“The Age of Discovery and Other Stories” by Becky Hagenston

It is not often that an author can produce a prize-winning short story collection. To produce four in a row is simply astounding. And SLR just learned Mississippi author Becky Hagerston has just  won yet another award, the Story Foundation Prize for a short story entitled “Woman of the House.” It will appear in Story Magazine sometime this year.  In her fourth prize-winning short story collection The Age of Discovery and Other Stories (The Ohio State University Press/ Mad Creek Books 2021), Hagenston creates stories of depth, complexity and humor. Her subjects in this collection range widely, stretching from considerations of the South to touring the south of France, from troubled relationships to the inevitability of marriage, from faith healers to witches, from world apocalypse to personal. Each of Hagenston’s stories is a trip well worth taking, fun in the reading but hiding a thoughtful center, which is occasionally hard to shake off. In that respect, she seems much like Joyce Carol Oates.

In one story, “Seven Ravens,” after a bad first date, Ned is grocery shopping and deciding never to see Alexis again, when she calls him and asks him for a favor. She’s in the hospital. It happened that while chopping onions she accidentally cut off her index finger. She’s pretty certain it’s still in the kitchen somewhere and she asks him to drop by and fetch it for her. From that grows a rather intimate, if unusual, relationship.

In another story, “Perishables”, the neighborhood is having a potluck, but instead of it taking place in someone’s backyard, as one would expect, it’s on a traffic circle. No cars use the street and one of the neighbors brings his shotgun along with the carcass of a deer. Step by step, things grow strange. The electricity is on only two hours a day, people are living off the food they had stockpiled, cellphones and the media haven’t worked for months, and an internet troll, who had rejoiced over his anonymous posting of hateful messages is increasingly and dangerously frustrated. Invaders are rumored to be roaming, but no one knows who they are or where they might be from or what caused everything to fail. Danger is everywhere.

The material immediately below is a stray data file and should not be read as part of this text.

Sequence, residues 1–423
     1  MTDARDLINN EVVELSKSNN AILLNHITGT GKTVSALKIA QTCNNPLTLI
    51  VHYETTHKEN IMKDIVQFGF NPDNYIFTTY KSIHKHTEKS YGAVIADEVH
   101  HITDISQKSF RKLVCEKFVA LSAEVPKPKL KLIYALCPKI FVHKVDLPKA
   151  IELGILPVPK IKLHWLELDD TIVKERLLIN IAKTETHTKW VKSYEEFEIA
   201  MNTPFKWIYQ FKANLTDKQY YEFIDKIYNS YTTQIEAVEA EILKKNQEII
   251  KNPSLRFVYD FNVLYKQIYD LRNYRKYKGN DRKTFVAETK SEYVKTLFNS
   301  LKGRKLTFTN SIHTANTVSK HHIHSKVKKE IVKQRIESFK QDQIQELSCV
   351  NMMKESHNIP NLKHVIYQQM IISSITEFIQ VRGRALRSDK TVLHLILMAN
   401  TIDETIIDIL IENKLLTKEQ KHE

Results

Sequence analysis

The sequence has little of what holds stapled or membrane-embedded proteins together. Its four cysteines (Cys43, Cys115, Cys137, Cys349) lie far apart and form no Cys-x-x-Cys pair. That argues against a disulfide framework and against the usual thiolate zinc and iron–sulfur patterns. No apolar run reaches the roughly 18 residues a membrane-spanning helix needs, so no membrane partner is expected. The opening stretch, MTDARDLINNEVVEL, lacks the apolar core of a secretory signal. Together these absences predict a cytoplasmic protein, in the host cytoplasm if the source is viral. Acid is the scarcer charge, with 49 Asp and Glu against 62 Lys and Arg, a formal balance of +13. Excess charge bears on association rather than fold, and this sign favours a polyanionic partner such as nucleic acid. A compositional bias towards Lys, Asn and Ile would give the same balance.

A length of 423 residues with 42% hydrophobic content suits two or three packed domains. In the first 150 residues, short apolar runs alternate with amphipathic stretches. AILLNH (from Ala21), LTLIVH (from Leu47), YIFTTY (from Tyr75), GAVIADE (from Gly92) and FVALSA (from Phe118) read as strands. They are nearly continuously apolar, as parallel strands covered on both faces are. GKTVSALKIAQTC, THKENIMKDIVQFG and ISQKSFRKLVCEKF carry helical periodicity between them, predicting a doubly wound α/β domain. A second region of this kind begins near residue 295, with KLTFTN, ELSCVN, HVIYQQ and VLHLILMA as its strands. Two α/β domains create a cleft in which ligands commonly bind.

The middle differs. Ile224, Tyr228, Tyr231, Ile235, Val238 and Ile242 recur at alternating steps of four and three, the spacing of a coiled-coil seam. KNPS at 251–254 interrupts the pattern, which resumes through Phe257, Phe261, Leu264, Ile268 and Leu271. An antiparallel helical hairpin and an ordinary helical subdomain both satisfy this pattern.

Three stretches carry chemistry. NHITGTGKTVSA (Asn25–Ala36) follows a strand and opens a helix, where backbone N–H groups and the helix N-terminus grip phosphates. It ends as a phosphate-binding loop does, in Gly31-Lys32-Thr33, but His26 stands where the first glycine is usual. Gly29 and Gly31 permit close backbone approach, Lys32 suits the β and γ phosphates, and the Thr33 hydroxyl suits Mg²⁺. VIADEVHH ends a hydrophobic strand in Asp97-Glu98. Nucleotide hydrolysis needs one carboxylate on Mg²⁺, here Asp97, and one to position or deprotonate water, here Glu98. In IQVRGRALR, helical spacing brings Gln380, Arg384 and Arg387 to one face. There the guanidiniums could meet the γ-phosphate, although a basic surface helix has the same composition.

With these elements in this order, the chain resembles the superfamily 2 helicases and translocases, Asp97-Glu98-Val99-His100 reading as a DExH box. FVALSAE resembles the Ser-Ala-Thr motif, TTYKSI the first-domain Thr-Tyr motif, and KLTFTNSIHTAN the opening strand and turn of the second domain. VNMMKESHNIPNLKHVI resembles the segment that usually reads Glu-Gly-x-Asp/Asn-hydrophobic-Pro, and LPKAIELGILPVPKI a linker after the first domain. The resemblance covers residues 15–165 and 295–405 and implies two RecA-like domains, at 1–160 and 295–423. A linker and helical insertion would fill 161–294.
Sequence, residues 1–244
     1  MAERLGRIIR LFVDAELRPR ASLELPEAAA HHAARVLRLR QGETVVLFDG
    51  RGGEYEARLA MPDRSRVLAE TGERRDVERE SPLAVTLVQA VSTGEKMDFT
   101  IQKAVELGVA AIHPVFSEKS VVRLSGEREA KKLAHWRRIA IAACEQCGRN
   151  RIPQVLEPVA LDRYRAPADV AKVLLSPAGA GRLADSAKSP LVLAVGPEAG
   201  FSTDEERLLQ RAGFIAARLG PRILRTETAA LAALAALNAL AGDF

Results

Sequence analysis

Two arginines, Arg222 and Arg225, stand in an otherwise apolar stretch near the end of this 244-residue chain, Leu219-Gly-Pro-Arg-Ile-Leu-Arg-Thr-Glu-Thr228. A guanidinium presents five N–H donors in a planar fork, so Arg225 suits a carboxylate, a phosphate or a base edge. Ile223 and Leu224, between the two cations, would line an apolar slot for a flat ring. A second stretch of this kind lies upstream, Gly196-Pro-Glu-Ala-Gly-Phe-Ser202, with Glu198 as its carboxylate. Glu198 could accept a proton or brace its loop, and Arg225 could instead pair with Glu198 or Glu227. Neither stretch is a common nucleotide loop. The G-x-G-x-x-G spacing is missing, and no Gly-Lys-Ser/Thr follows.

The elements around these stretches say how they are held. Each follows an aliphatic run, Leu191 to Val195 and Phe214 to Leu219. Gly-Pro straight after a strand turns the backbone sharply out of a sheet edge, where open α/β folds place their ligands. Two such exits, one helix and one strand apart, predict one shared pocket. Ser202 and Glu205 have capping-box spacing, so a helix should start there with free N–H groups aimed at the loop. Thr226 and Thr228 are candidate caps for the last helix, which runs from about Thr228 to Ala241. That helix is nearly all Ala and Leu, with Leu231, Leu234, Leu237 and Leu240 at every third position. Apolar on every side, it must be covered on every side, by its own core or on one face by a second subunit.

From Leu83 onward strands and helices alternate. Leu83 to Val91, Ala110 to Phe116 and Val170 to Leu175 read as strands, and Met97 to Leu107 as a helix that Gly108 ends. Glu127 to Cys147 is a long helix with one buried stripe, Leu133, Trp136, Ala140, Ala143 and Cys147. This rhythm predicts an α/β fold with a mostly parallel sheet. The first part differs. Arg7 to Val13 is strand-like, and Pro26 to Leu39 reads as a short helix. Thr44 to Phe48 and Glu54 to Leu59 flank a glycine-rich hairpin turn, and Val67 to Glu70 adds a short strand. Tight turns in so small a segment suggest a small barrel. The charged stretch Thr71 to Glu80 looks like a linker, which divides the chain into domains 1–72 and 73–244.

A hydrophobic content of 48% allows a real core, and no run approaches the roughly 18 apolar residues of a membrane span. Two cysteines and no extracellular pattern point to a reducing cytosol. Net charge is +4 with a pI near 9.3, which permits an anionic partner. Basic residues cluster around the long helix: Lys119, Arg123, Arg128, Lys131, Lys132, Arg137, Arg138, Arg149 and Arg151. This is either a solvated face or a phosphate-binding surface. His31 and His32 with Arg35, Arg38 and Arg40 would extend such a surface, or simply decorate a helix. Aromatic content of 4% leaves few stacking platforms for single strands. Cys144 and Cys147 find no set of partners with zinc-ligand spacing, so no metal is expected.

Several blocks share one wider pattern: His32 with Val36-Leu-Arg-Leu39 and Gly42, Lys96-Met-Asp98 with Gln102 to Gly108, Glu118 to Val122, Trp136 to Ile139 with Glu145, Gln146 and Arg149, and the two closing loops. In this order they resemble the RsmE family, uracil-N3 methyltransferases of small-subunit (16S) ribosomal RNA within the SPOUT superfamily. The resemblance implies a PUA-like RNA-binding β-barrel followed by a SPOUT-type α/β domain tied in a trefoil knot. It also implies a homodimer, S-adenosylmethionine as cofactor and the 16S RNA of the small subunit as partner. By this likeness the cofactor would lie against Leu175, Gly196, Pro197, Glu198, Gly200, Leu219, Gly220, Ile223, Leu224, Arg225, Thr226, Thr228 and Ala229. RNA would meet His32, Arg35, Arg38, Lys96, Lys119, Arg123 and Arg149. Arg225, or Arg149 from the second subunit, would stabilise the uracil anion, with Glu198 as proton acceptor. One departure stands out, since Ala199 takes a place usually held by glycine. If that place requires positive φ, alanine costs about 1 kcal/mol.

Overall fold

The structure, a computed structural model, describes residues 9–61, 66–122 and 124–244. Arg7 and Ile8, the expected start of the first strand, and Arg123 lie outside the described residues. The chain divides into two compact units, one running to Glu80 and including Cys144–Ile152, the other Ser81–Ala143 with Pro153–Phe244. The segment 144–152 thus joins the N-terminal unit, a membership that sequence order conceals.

And of course, there are troubles in the family. In “Storage and Retrieval”, a woman waiting for her plane hears her dead ex-husband paged. She’s drawn to answer the page, where she sees a man much like her ex-husband might have become standing at the counter. Had he faked his death? Was she really sure she had heard he was dead? She becomes tangled in her thoughts and follows the man, missing her plane. In “The Age of Discovery”, a husband and wife are touring Lisbon. The husband has had an affair and gets a series of mysterious text messages. Their daughter has run off with a middle-aged man who is hunted by the police, and the texts might be from him, but the husband won’t say. The wife becomes unsure, not certain she even knows who her husband is anymore. In “Witnesses”, sisters are in Nice and are having trouble getting along together, which is intensified by witnessing an automobile accident in which a woman, who we learn is half-hysterical and in the process of divorcing her husband, is killed.

And there are the completely strange stories. “In the Museum of Tense Moments,” the action takes place in an unknown future and the narrator brings her daughter to the museum to see what awkward, heart-breaking moments in the 21st century were really like. In “Hi Ho Cherry-O,” also a Pushcart prize-winning story, a reference robot refuses to assist in data collection unless it is first abused. In “Rise,” the objects in his wife’s dreams somehow lodge themselves in the husband’s bakery bread. In “Hematite, Apatite,” an Earth Science teacher is accused of witchcraft, which is apparently more harshly punished in Mississippi than in Newark, and she is driven by this social pressure to finally re-enact a fairy tale.

There are other great stories in the collection. Celebrities transform a town, a child is lost in a cornfield, a mother mistakenly decides to give her children her diaries, a couple are in Arles following in Van Gogh’s footsteps only to realize how really old they are, a disgraced university professor and a struggling student intertwine in an act that swamps the campus, and two sisters tracking Bigfoot come to realize in different ways that there is a nasty core inside each human. There is a wealth of insight and wisdom and a little haunting weirdness in all these short stories, and short stories, in the hands of a master, are fiction’s purest distillations. It would truly be a shame to miss the ones Becky Hagenston writes.

Becky Hagenston

Becky Hagenston is the author of four award-winning story collections, most recently The Age of Discovery and Other Stories, which won The Journal’s Non/Fiction Prize and was published by The Ohio State University Press/ Mad Creek Books in August 2021. The collection also won the Mississippi Institute of Arts & Letters prize in fiction. Becky is a Professor of English at Mississippi State University and lives in Starkville, Mississippi with her husband.


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